Very recently, I was lucky enough to be able to have lunch with Larry Katzman.
Larry (or as he is known professionally – “Kaz”) is the world’s leading cartoonist of medical humor. His Nurse Nellie cartoons have appeared in newspapers and magazines in 21 countries and were awarded the highest prize in international cartooning at the 19th International Salon of Humor in Bordighera, Italy. His book collections have sold over three million copies.
Kaz was active during the “golden age” of cartoonists when they were able to live pretty much a Rockstar life selling cartoons to publications such as the New Yorker. During this era, he was hanging out with other cartoonists such as Mort Walker, Milton Caniff, Will Eisner and Peter Arno.
Among the many interesting stories he told during lunch, one thing he said really caught me.
Kaz was talking about the gradual decline of the glory days of cartooning. He told how at first, gag cartoons would earn their creators the equivalent of around $100 per comic. (About $800 per comic in today’s terms). Soon, though, the magazines that were buying the cartoons started to reduce page count and began folding.
The reason for this was blamed on the Television being invented & eventually being available in every home.
The magazine, which was once a main source of information & entertainment, was neglected and languished in an unread pile, as the household began to instead crowd around a screen to get their information updates.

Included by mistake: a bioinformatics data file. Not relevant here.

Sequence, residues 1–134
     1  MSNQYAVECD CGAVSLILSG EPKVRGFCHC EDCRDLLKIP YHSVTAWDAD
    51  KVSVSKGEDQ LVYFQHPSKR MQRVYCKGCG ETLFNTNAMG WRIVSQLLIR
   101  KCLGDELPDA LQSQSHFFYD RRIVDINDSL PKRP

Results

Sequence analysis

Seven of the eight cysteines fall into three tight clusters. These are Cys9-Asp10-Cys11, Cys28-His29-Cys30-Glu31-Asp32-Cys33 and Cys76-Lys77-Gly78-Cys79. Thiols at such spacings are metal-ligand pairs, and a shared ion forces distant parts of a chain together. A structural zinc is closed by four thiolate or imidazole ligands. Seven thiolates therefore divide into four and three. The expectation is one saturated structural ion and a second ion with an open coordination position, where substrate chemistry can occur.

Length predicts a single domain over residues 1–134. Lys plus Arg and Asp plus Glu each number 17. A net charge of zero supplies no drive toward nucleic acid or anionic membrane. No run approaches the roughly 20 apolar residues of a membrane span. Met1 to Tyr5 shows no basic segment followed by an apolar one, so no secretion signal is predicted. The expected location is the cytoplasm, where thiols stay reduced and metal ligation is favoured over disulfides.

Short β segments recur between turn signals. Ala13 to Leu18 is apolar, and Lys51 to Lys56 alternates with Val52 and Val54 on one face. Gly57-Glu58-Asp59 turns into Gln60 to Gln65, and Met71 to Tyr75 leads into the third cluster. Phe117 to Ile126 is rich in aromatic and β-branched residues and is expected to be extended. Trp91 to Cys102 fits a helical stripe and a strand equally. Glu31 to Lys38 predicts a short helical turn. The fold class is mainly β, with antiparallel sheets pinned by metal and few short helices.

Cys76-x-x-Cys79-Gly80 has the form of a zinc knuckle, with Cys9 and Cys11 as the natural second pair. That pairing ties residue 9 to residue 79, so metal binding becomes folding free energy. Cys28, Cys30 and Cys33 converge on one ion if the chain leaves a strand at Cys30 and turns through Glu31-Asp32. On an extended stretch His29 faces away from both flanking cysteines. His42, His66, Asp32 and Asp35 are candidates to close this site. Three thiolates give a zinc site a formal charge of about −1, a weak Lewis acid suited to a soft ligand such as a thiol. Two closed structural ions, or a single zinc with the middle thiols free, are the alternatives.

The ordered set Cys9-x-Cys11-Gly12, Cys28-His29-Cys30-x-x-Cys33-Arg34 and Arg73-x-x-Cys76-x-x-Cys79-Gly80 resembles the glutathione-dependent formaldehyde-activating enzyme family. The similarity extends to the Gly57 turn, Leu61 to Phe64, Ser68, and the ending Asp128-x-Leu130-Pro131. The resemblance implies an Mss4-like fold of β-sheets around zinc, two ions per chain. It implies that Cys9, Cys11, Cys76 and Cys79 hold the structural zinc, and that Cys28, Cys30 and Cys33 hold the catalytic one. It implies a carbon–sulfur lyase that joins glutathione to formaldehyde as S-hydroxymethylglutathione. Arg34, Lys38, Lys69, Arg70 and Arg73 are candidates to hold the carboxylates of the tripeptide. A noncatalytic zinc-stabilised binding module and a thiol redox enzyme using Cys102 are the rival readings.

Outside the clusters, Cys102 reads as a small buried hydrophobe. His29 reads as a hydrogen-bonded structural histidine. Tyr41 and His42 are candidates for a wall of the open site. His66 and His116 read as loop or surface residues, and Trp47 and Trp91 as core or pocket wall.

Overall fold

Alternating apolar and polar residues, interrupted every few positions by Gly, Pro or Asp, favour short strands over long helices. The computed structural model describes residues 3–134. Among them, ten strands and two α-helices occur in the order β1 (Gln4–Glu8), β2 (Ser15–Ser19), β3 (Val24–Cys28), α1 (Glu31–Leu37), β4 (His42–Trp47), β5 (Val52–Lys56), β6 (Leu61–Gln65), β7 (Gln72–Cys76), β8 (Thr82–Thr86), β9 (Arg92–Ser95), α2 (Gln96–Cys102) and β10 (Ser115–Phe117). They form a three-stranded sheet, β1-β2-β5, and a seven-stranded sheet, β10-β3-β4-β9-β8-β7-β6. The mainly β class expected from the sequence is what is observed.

Soon, subscription rates and reader numbers declined and advertising revenue was diverted to the new media of Television.
This then forced magazines to close their doors as they became unsustainable.
Does any of that sound familiar?
When I heard it, I though immediately of the present situation that book stores and newspapers are going through.
They have been trumped by the ‘new media’ of the online platforms and have found themselves in hard times.
The situation is a direct copy of the one faced by magazines during the 50’s.
And I am sure the cycle will not stop there. At some point in the near future, even online media will face a decline in usage, as a new ‘new media’ presents itself and takes hold. And the media platform that replaces it will be blamed for the death of online.
It is just a matter of time, so rather than complain about it and try to claw people back to an ‘older’ media, businesses should spend some time to stop and look at new media platforms. Spend more than a week trying to understand them, and begin looking to see how they can expand what they offer to keep consumers as they begin the slow transition across.
This has been another “agent-x”atorial